LinkedIn is the leading social networking site for professionals. My favourite thing about it is the Recommendations feature. It allows your connections to leave endorsements of your work on your profile for others to read. They are mini reference letters that answer the question for readers, “Why should I network or do business with this individual?”
Writing recommendations for other professionals is one way to show your appreciation or whom you are connected to. The most common reason to write a recommendation is that it leads to receiving recommendations. LinkedIn prompts recommendation receivers to reciprocate with writing a recommendation for the person who recommended them. The reason you want to write and receive well-written LinkedIn recommendations is because they are evidence that you are who you say you are; they endorse your personal brand.
Personally, I enjoy writing recommendations, unfortunately, not every professional has the gift of writing. With that comes dread that leads to writers block. I’m presenting a simple process for composing a LinkedIn recommendation that you will be proud to give.
Step 1. Brainstorm
Most LinkedIn recommendations hold similar information. You will need to brainstorm responses to these common questions for each recommendation you write:
- How long have I known this person?
- How do I know this person?
- What key projects or work have we collaborated on and the result (think numbers)?
- What outstanding skills (know how), attributes (characteristics and attitude), and expertise (knowledge) does this person possess?
- How did working with this person make me feel?
- How did/does their work benefit the project, company, or field we work in?
- Would I work with this person again?
- Why do I recommend them and for what?
If writing comes naturally to you then this is all the information you need to compose your recommendation. If you are still struggling then read on.
Step 2. Fill In The Blanks
With the answers to the above questions on hand, writing a LinkedIn recommendation is as easy as filling in the blanks. There are many common sentences found within LinkedIn recommendations. You can take almost any recommendation you read and break it down into its essential elements that you can then replicate in your own words.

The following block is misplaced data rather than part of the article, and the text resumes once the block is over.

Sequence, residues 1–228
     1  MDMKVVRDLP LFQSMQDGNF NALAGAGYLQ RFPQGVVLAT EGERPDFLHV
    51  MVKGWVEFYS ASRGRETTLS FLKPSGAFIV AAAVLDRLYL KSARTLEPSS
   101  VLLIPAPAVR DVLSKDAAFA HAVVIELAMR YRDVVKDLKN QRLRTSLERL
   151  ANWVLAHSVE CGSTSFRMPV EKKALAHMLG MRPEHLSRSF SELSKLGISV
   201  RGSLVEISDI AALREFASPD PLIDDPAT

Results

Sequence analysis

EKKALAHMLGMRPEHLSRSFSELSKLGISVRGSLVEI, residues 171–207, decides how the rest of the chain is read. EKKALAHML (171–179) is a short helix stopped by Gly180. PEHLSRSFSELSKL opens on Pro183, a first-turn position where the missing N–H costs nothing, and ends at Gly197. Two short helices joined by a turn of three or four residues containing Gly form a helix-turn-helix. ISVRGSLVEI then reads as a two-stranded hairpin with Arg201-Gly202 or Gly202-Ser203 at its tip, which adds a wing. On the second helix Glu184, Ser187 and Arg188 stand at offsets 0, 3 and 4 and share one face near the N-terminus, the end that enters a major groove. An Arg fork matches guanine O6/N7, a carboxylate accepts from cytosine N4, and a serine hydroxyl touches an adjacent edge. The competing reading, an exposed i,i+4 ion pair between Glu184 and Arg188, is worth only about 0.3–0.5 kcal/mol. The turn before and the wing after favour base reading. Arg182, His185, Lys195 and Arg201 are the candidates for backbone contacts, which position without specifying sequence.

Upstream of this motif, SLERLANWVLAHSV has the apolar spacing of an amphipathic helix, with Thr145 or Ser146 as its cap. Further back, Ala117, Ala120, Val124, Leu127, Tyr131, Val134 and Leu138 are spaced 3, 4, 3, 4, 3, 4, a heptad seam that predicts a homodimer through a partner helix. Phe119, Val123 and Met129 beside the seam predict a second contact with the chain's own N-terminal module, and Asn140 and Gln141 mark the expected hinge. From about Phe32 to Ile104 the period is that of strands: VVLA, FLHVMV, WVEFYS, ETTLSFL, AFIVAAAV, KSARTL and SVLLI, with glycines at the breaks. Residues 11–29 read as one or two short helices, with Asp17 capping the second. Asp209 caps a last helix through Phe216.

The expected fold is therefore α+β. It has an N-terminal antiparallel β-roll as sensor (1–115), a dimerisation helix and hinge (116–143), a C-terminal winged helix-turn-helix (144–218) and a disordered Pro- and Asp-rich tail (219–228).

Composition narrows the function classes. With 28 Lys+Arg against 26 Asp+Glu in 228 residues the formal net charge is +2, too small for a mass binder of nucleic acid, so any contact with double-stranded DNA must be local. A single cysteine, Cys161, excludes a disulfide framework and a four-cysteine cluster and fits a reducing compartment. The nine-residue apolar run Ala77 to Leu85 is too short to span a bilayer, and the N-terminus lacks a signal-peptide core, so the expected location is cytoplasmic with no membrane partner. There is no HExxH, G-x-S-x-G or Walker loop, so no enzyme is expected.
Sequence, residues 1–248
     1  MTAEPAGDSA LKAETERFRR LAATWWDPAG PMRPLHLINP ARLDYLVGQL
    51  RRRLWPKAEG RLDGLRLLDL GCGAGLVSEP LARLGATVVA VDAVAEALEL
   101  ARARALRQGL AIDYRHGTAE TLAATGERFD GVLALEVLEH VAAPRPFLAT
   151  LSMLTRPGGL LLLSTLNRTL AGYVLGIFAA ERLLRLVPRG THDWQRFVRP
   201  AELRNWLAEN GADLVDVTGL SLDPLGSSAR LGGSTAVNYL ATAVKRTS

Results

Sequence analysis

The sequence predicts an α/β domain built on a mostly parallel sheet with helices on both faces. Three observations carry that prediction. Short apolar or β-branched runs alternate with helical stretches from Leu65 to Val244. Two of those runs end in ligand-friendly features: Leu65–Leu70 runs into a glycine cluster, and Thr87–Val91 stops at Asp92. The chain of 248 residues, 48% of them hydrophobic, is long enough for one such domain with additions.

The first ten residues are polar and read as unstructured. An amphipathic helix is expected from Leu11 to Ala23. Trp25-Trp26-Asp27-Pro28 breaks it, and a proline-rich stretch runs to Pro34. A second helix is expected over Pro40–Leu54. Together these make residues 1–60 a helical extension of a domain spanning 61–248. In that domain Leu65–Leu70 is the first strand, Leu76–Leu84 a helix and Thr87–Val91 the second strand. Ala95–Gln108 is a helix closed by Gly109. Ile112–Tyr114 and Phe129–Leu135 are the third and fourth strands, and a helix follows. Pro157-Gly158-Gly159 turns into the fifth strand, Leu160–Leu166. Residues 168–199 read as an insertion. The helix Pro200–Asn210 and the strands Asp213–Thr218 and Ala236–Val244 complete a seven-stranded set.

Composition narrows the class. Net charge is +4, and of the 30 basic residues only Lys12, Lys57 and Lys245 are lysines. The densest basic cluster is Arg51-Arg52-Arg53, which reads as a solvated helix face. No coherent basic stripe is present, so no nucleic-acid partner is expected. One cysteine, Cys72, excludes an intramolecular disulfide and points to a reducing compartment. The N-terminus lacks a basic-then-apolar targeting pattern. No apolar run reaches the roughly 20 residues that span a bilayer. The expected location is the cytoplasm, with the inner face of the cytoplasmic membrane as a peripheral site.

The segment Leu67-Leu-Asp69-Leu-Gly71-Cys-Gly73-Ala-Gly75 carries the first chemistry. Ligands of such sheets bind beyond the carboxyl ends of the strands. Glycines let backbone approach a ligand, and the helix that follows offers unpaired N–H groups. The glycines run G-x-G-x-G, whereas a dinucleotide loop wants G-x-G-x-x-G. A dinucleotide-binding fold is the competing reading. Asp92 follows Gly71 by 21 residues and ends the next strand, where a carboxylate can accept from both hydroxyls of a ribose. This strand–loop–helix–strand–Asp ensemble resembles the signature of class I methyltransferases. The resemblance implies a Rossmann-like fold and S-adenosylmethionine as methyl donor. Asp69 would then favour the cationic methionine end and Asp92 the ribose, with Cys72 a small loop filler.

Here’s an example of a generic recommendation:
“I have known Joe Smith for 5 years. We worked together at ABC Company. One of our key projects was developing an employee engagement strategy that resulted in increased employee retention by 80%. Joe is extremely confident, determined, and outcome-oriented. His expertise in human resources and employee engagement strategies far surpasses others in the field. I welcome the opportunity to work with Joe again in the future.”
When broken down into its essential elements it looks like this:
“I have known name for # years. We worked together at company name. One of our key projects was project name that resulted in project result. Name is attribute 1, attribute 2, and attribute 3. His/her expertise in outstanding knowledge and outstanding skill far surpasses others in the field. I welcome the opportunity to work with name again in the future.”
Some other common fill in the blank statements you could use are:
- In the # years that I’ve known name I’ve been continually impressed with skill, characteristic, and expertise.
- Name is has a reputation for being attribute 1, attribute 2, and attribute 3.
- Name is known for his/her skills in outstanding skill 1 and outstanding skills 2.
- Name was the driving force behind name of project that resulted in…
- I highly recommend name if you are looking for someone who is knowledgeable about outstanding expertise, skilled in outstanding skill, and name an attribute.
Pick the above statements that fit your needs best and use them as a starting point for writing your recommendation. Once you fill in the blanks, I encourage you to edit what you’ve written to be more personal to your experience with the person you are recommending. When you think you are done your recommendation, read it out loud to yourself. If it flows well, then you may have a winner. Get someone else to proofread it for grammar and punctuation; it’s hard to see these mistake yourself. Finding those types of mistakes in a recommendation discredits the author and looks bad for the person you are recommending. When you’re ready send it to the person you are recommending with a personalized message.
With this three-step approach writing a LinkedIn recommendation does not have to be a daunting task. Simply answer the questions above to give you the content you need to write a recommendation worth reciprocating. Happy writing!